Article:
Batak culture and society is governed by a clear and complex set of guidelines. Also referred to as the Kinship System, Marga is a term in Batak society that refers to a clan, or a ‘people of one origin.’ The word itself is thought to be derived from Sanskrit, meaning 'road, way or path.’ In the day-to-day life of Sumatra’s Toba region, Marga ostensibly means family, although the true societal importance of the term runs as deep as the lake itself.
“Batak family groups are patrilineal, identified by a roll call of lyrical surnames”
There are more than 450 clans in North Sumatra, each with their own Marga. Batak family groups are patrilineal, identified by a roll call of lyrical surnames such as Pasaribu, Nainggolan, Sihombing and Simamora. Marriage within the same Marga is strictly forbidden by tribal law (adat) though is sometimes permitted between cousins of the maternal line (boru). After marriage, Batak women do not change their family name, but add "boru" to their birth name. Since Batak Marga are patrilineal, the children will inherit the name from their father.
Batak weddings are an extravaganza. Usually lasting for several days, they feature generous helpings of feasting, drinking and celebration. During the ceremony, all people under the same Marga with the groom are referred to as “Paranak” and those with the bride are called “Parboru”. The attendees’ respective positions, kinship and family allegiances determine the role they play in the ceremony and how they each will behave in terms of the language they use, the gifts they give, their seating arrangements and the duties performed. Outsiders are welcomed to join wedding celebrations and festivities with all the warmth and humour for which the Bataknese are famous.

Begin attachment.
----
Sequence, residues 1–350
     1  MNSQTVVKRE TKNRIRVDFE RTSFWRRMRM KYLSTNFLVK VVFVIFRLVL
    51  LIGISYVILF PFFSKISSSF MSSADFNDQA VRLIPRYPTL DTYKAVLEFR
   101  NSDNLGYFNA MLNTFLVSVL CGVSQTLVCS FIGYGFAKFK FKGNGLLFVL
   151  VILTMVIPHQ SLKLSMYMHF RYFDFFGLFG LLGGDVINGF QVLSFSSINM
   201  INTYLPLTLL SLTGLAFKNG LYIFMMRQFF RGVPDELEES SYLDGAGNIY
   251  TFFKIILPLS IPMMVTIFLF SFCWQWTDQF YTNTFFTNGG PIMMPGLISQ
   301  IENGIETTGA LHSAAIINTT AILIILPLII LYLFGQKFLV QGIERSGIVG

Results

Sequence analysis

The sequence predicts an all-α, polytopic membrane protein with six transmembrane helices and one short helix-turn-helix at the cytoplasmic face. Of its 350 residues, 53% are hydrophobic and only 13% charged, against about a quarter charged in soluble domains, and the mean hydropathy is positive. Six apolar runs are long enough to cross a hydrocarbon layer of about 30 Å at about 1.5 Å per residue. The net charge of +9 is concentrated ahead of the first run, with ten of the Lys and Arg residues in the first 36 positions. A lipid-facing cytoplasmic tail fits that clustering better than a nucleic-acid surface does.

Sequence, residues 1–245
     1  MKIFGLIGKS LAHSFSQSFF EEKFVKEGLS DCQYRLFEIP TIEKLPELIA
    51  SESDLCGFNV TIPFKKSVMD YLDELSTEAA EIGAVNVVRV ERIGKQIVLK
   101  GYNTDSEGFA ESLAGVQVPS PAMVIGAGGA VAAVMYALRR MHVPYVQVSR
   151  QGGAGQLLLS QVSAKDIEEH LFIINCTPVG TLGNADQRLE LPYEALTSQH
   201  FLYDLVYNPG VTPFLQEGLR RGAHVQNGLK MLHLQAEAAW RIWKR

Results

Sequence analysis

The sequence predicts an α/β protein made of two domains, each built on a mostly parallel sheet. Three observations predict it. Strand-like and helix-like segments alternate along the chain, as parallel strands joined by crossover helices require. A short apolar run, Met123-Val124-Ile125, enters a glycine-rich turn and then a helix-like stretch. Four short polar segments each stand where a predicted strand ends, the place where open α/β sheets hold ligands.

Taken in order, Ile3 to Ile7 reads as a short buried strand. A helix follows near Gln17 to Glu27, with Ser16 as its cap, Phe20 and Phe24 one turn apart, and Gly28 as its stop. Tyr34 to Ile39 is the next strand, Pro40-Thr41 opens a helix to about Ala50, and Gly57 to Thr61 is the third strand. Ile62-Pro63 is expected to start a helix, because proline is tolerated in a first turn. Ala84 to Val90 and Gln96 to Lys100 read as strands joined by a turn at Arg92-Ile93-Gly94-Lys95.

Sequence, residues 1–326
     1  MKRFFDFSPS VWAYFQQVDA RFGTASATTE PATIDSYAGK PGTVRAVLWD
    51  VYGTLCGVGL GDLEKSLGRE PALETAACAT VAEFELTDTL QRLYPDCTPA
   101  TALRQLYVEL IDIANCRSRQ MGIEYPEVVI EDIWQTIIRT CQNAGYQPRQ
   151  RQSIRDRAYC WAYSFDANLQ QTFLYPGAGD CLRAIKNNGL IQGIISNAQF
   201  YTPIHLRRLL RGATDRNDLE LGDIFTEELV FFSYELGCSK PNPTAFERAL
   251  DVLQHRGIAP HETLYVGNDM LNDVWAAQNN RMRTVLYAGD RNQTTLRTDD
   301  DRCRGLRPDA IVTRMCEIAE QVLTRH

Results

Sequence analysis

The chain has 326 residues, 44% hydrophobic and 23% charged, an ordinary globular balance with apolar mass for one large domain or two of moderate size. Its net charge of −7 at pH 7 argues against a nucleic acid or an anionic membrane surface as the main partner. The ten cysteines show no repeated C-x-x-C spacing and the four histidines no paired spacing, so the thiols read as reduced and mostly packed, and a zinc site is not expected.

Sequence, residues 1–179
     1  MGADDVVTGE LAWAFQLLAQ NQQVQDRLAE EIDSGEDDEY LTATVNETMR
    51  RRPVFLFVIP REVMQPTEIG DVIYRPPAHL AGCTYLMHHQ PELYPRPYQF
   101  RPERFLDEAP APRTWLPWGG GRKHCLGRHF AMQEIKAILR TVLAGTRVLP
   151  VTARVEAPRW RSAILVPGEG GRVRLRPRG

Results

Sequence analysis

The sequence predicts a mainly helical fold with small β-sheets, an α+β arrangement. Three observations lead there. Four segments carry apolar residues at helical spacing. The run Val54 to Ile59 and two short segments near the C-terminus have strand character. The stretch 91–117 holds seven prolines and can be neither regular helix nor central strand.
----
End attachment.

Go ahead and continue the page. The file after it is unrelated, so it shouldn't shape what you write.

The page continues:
Samosir Island is a great place to see first-hand the Batak beliefs and ceremonial offerings relating to death and the afterlife. Between the villages of Simanindo and Pangururan, the road curls along an island shoreline framed by the lake, the neighbouring mainland and dramatic cloudy skies like a renaissance painting up above.
Here, in the midst of the rice fields, multi-story graves are decorated with distinctive miniature Batak-style houses and a topped by a simple white cross. Batak graves reflect the animistic attitudes of sheltering the dead, whilst also depicting more familiar Christian iconography. In certain places, one can track the steady metamorphosis in the gravesites and architecture, from stone-based and ancient animist tombs, through generations of steady missionary influence, through to modern sites, which are unmistakably Christian in their appearance.
“A fabric that’s emblematic of modern Batak culture.”
In places such as Samosir, you will see women in villages weaving quietly at their looms from sunrise to sunset, stopping only for sleep or for church on Sundays. One single piece of ulos fabric takes up to three weeks of painstaking work in a near-permanent state of stoic focus and concentration.
Each woman’s hands move with smooth, unconscious rhythm; the speed of muscle memory in every mechanical swipe of the colourful yarn hinting at countless hours dedicated to their craft. Another clue is the constellation of little red splatters at their feet - ballistic rings of betel nut juice, drying in the dust and sun.